Meghan McCain says she quit “The View” because she felt her colleagues, including Whoopi Goldberg and Joy Behar, had mistreated her for having conservative views — all while she was suffering from postpartum depression.
“You can’t imagine how it messes with your self-esteem working in an environment where the worst thing you can be in the world is a Republican during the Trump years,” McCain wrote in an expert of her new audio memoir, “Bad Republican,” obtained by Variety. “As the country got worse under Trump, the treatment from Whoopi, Joy and some of the staff grew meaner and less forgiving.”
She continued, “It was as if I had become an avatar for everything they hated about the president. It felt like the co-hosts and staff only knew one Republican — me — and took out all their anger on me, even though I didn’t even vote for Trump.”
McCain, 36, said Goldberg, 65, had her back when she first started at the ABC show, but that all changed after two years when she felt the EGOT winner had turned on her.
“The thing about Whoopi, though, is that she yields so much power in culture and television, and once she turns on you, it can create unfathomable tension at the table,” McCain wrote. “I found her open disdain for me more and more difficult to manage as the years went on and it became more frequent. Occasionally, if the show’s political discourse veered into territory that she found disagreeable, Whoopi would cut me off, sometimes harshly.”
She also felt criticism from Behar, 79, who once questioned how McCain could remain a Republican while Donald Trump had bashed her late father, Sen. John McCain.
“After my dad died, I heard Joy had told others at ‘The View’ that she couldn’t understand how I could still defend Republicans after everything Trump had done to me,” she wrote. “Why was that something she had to worry about? I could separate the two. I could separate Trump from being a Republican.”
And while she said she was able to endure “plenty of shade” and “toxic, direct and purposeful hostility” at first, that all changed after she gave birth to her first child, daughter Liberty, in September 2020.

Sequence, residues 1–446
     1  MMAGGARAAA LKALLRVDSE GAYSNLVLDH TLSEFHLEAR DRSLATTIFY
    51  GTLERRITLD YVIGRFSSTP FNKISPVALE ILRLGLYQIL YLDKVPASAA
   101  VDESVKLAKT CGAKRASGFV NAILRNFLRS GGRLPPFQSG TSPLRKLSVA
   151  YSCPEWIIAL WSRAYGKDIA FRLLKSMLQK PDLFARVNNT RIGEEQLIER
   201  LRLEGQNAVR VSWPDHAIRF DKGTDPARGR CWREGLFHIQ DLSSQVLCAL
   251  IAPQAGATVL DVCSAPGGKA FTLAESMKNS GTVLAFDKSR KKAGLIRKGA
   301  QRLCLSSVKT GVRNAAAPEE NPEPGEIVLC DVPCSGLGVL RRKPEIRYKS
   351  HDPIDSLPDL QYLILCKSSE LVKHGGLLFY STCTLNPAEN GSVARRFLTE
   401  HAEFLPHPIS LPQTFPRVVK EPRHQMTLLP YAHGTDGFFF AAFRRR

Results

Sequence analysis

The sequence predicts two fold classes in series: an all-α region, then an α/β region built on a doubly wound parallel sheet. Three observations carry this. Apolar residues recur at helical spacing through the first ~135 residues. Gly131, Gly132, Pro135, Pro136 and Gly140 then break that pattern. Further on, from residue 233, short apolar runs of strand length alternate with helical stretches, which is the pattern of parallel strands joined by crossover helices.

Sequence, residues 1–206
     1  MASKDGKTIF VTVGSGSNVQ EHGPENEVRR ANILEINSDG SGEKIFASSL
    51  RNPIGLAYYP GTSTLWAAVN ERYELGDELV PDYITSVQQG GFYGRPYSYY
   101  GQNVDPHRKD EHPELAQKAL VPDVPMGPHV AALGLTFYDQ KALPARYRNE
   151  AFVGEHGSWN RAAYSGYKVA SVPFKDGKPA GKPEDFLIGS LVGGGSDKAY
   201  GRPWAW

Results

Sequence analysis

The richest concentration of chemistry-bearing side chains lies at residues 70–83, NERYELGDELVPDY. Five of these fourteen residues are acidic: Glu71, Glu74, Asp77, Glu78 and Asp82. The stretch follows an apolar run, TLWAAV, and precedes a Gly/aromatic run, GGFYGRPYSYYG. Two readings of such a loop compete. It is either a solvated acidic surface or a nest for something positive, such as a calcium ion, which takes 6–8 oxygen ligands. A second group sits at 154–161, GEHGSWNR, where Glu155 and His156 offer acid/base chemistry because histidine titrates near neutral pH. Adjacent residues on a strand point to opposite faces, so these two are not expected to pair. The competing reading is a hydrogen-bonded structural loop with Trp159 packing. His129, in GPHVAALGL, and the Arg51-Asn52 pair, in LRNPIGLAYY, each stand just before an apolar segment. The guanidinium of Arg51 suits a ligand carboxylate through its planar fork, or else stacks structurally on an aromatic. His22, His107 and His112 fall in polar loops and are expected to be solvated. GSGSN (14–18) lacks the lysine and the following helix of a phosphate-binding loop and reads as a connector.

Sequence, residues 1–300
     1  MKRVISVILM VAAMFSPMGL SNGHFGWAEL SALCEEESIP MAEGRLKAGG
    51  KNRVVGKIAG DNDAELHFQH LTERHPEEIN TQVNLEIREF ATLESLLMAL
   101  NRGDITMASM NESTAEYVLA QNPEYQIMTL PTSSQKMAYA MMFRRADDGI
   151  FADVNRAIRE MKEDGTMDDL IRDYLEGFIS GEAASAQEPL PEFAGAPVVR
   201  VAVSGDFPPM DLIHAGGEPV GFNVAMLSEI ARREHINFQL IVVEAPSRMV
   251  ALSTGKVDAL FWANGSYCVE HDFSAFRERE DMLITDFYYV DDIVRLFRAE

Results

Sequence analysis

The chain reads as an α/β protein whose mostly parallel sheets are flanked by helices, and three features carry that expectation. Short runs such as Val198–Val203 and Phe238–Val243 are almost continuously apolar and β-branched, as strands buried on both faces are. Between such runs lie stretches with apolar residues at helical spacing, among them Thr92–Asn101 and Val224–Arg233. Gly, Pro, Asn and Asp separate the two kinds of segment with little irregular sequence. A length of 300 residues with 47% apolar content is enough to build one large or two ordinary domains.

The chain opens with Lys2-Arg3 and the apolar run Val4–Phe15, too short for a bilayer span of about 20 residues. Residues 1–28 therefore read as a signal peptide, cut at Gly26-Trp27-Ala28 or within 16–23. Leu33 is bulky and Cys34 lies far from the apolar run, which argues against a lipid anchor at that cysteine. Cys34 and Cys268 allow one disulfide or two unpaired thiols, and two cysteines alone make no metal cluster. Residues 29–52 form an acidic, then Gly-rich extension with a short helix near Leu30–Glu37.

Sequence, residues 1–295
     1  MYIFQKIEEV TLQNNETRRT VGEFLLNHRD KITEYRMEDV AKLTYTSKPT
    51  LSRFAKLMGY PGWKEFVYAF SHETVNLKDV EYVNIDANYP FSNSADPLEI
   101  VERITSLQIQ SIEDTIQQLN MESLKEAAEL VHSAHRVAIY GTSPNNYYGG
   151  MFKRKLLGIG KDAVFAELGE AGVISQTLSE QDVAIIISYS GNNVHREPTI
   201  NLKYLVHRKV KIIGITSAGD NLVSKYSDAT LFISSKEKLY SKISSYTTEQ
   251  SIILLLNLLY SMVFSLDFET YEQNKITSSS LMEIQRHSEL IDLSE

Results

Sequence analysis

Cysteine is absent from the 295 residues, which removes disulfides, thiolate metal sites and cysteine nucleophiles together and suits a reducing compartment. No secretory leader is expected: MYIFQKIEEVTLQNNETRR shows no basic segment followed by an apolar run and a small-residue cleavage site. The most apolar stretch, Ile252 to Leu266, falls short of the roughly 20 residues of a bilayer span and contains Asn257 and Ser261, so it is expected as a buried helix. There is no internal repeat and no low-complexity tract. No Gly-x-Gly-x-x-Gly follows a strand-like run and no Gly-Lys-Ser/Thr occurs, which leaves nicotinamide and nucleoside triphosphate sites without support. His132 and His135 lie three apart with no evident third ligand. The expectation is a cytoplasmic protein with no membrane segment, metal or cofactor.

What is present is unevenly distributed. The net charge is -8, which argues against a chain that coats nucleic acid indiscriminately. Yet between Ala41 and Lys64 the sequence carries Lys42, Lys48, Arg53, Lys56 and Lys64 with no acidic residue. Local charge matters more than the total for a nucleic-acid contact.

McCain said that when she returned from three months of maternity leave, she experienced postpartum depression, which made her co-hosts’ scathing actions that much harder to take.
“As I was dealing with my own emotions, I couldn’t also navigate the idea that I was hated and felt hated at a toxic work environment,” she said.
She noted one instance on her second day back from leave where she got into an on-air squabble with Behar.
“To make light of things and to ease the tension, I said, ‘Joy, you missed me so much when I was on maternity leave! You missed fighting with me!’
“’I did not,’ Joy said. ‘I did not miss you. Zero.’”
“Nothing anyone has ever said to me on camera since I have been giving interviews since I was 22 years old ever hit this hard,” McCain said. “I felt like I’d been slapped. She yelled out at me sharp and intensely and I believed her. Now, I know I’m not always a perfect angel, but I would never speak to any woman that way who had just returned after giving birth.”
McCain said that she burst out into tears when they broke for commercial and felt her breasts begin to lactate.
“I was embarrassed and shaking. I felt like I wasn’t in control of my body. I didn’t want millions of viewers to see that,” she said, adding, “That experience of crying and leaking and trying to pull it together in seconds so I could go back on-air with women who appeared to hate me was an intensely heartbreaking experience.”
She realized in that moment that “this s–t isn’t worth this,” adding, “Nothing in life is worth this.”
The experience made her realize that the bigger issue is the way women are treated in the workplace.
“I want ABC to change. But I want change in America too, starting with giving pregnant women paid maternity leave,” she said. “Corporations should not be allowed to say, “We support women, blah blah blah, but if you have a baby, we’re not going to support you. These companies spend millions of dollars a year trying to convince consumers of their high moral values, but how many of them actually walk the talk? It needs to change.”